LINEs and SINEs are known to influence the expression of neighboring genes by a variety of mechanisms, for example by providing alternative promoters, splicing and polyadenylation sites and by heterochromatinization [10–13]. For this reason it is important to investigate whether these elements are located at syntenic positions in the E. histolytica and E. dispar genomes. Earlier investigations with a limited number of genomic loci showed that the sites occupied by EhSINE1 in the E. histolytica genome were empty at homologous regions in E. dispar and conversely the sites occupied by EdSINE1 in the E. dispar genome were empty in E. histolytica. Although an exhaustive genome-wide survey of LINEs and SINEs in Entamoeba species has been reported , a genome-wide comparison of the occupancy of these elements at syntenic loci in E. histolytica and E. dispar has not been carried out. Here we present results of a genome-wide comparison of EhSINE1 and EdSINE1 in the two genomes. In addition we address the question whether the differences in genomic locations of retrotransposons in these two organisms could be due to inherent differences in the retrotransposition machinery, particularly in the properties of the LINE-encoded endonuclease. Target primed reverse transcription is the mechanism by which non-LTR retrotransposons insert in the genome . Since retrotransposition is initiated by the element-encoded endonuclease (EN) making a nick at the bottom strand of the site of insertion, an important determinant of target site specificity could be the preferred nucleotide sequences recognized by the EN. We have earlier shown that the EhLINE1-encoded EN (Eh EN) nicks preferentially at the consensus sequence 5'-GTATT-3', between A-T and T-T. Here we have investigated whether the endonuclease domain encoded by EdLINE1 (Ed EN) has a different target site specificity which could account for the lack of synteny in the location of SINEs in the two genomes.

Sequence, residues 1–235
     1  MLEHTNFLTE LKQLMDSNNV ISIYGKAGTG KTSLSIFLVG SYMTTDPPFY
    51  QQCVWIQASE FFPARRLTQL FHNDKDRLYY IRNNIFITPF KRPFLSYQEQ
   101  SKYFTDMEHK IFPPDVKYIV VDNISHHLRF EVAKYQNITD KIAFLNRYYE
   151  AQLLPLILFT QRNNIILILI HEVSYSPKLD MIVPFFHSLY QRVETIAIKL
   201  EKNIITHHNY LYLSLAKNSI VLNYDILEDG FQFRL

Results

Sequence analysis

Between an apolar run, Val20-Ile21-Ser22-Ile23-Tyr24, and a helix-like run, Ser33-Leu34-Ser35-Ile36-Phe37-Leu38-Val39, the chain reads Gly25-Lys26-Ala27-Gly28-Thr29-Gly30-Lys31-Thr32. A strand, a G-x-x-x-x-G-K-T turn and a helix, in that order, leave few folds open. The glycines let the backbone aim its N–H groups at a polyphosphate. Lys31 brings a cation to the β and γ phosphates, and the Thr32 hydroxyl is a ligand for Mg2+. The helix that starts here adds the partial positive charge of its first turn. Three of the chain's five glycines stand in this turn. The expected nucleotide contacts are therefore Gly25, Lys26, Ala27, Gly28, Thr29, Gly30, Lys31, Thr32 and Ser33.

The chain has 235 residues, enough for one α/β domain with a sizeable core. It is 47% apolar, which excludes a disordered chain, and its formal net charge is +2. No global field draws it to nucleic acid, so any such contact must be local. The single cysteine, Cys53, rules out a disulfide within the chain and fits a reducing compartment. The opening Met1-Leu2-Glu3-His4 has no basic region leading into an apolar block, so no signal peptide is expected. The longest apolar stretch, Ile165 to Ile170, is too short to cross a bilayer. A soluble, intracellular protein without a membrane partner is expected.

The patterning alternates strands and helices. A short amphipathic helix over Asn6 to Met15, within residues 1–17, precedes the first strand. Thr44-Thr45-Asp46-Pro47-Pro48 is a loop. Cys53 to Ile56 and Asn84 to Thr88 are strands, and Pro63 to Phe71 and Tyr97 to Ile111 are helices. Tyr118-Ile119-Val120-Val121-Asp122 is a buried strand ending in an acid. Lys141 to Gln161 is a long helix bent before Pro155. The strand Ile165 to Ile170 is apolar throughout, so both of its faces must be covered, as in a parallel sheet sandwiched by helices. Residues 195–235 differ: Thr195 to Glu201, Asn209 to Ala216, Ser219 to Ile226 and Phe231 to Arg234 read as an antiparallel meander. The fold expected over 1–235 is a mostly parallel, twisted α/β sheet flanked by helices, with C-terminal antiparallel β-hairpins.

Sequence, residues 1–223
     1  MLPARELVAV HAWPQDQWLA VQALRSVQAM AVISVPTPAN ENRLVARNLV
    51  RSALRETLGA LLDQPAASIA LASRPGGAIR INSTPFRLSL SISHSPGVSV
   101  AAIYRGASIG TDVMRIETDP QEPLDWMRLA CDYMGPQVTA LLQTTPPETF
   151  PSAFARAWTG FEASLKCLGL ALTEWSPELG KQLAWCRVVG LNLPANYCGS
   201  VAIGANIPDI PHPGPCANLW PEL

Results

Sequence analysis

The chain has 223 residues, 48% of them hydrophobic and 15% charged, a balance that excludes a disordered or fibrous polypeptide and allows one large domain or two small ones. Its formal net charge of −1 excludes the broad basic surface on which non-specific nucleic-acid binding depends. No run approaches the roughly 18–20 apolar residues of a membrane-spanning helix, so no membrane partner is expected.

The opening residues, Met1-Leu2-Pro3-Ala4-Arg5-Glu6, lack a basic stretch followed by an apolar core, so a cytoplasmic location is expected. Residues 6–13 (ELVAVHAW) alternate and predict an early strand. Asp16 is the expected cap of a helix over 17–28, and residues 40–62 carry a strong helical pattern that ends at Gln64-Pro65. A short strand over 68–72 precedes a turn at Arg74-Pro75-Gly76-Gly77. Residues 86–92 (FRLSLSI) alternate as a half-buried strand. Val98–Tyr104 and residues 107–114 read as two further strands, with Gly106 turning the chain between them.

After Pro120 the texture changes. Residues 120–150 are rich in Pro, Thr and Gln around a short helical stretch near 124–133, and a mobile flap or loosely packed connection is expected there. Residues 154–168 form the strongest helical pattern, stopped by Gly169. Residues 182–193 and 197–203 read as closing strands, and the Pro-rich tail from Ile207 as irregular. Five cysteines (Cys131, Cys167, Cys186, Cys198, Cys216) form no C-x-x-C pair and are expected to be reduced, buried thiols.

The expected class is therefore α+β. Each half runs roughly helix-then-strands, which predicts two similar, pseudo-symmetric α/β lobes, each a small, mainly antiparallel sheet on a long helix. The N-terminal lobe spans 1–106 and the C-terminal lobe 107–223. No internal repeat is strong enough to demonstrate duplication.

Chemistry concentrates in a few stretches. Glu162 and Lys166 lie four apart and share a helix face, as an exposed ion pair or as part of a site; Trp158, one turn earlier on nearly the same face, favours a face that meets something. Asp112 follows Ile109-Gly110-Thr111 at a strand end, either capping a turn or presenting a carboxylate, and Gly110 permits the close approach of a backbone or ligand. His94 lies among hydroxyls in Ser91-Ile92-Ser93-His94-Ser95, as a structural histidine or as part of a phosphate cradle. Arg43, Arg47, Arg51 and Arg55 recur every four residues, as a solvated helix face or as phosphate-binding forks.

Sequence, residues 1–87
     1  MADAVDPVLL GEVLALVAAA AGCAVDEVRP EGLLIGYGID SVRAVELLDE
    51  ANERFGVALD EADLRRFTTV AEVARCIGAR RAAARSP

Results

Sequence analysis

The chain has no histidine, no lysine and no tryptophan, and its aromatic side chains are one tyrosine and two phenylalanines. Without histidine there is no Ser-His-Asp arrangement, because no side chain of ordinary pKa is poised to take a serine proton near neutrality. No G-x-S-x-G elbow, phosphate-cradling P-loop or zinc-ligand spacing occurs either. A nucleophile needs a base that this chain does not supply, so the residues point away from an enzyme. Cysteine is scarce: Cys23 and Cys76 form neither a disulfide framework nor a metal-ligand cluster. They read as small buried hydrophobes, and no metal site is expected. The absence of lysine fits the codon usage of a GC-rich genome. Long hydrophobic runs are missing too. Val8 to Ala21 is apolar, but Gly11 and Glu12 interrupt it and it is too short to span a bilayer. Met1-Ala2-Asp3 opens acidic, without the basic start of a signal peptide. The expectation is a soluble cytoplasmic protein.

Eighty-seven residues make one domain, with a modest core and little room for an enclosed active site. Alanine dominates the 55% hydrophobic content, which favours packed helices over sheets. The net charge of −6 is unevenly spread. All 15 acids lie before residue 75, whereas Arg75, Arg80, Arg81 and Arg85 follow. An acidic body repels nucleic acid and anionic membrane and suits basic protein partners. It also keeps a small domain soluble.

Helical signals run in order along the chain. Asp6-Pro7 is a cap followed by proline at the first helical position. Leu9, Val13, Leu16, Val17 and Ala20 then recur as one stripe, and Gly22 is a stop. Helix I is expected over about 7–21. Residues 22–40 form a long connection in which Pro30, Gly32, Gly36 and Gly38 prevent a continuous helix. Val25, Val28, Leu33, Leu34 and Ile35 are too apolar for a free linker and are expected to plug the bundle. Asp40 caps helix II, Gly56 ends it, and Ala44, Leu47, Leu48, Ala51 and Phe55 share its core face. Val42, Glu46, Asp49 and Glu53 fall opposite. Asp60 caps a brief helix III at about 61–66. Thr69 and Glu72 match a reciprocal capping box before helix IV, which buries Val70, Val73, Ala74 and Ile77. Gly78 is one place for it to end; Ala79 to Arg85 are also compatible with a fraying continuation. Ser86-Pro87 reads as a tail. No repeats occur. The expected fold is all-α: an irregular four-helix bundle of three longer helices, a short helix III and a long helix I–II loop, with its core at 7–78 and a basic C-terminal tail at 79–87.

Comparative Analysis of E. histolytica and E. dispar with respect to the occupancy of SINE1 elements
Since the Entamoeba genome has not yet been assembled completely for any species, we have done all of our comparative analysis on the basis of SINE1 elements located on the scaffolds. The genome sequence of E. histolytica having 1529 scaffolds and E. dispar having 12258 scaffolds was downloaded [NCBI:AAFB00000000, NCBI:AANV00000000]. A total of 393 EhSINE1 and 302 EdSINE1 elements having lengths greater than 450 bp were located. The EhSINE1 sequences were from Huntley et al  and the EdSINE1 sequences were from the feature table file of E. dispar (updated on Dec. 8, 2008). For genes flanking the EhSINE1 sequences the feature table file of E. histolytica (updated on April 17, 2008) was used. These were downloaded from NCBI and the genes upstream and downstream of SINE1 elements in each of the species were located using perl coding. Finally the orthologues of these genes were searched in the other species using BLAST . The syntenic loci were checked to see whether SINE1 was present there in both species. To check the homology at Scaffold level we used GATA, a graphic alignment tool for comparative sequence analysis . Syntenic loci were further examined to check for the presence of SINE in both species.
DNA sequence features of the SINE1 insertion sites were computed by extracting flanking 80 bp sequences (40 bp upstream and downstream) from the respective genomic sites in E. histolytica and E. dispar, using perl scripting. "DNA SCANNER" was used as previously described  to calculate the DNA parameters, which include T rule, bendability, propeller twist, stacking energy, duplex stability, DNA denaturation, protein-induced deformability, nucleosomal positioning and bending energy .
Construction and Cloning of Ed EN
The consensus amino acid sequences of the E. dispar and E. histolytica endonuclease domains, Ed EN and Eh EN respectively were compared. A total of 23 amino acid positions were different of which 12 amino acid residues were changed in the Eh EN sequence  and 11 amino acid residues (synonymous) were left unchanged to obtain the Ed EN sequence. The desired mutations were introduced either by means of overlapping PCR (Additional file 1 Figure S1) or by site-directed mutagenesis. The primer pairs used are listed (Additional file 2 Table S1). The Ed EN sequence thus obtained (782 bp) was cloned into the Eco RI-Not I site of pET30(b) vector (Novagen) to yield the pET-Ed-EN construct.